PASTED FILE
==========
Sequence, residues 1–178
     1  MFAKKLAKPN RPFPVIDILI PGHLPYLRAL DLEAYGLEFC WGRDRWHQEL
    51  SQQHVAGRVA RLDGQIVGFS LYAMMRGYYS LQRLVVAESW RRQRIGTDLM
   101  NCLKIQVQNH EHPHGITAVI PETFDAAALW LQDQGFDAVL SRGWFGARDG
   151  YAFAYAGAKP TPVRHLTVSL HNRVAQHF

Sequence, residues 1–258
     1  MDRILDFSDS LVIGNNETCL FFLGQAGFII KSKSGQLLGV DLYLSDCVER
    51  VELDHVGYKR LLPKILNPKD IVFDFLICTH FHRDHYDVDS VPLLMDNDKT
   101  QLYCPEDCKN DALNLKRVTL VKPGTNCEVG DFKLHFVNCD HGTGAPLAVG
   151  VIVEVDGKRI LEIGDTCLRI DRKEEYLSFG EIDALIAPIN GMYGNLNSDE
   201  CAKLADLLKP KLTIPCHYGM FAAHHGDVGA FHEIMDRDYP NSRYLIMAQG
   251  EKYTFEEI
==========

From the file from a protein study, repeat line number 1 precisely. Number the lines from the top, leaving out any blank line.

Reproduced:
Sequence, residues 1–178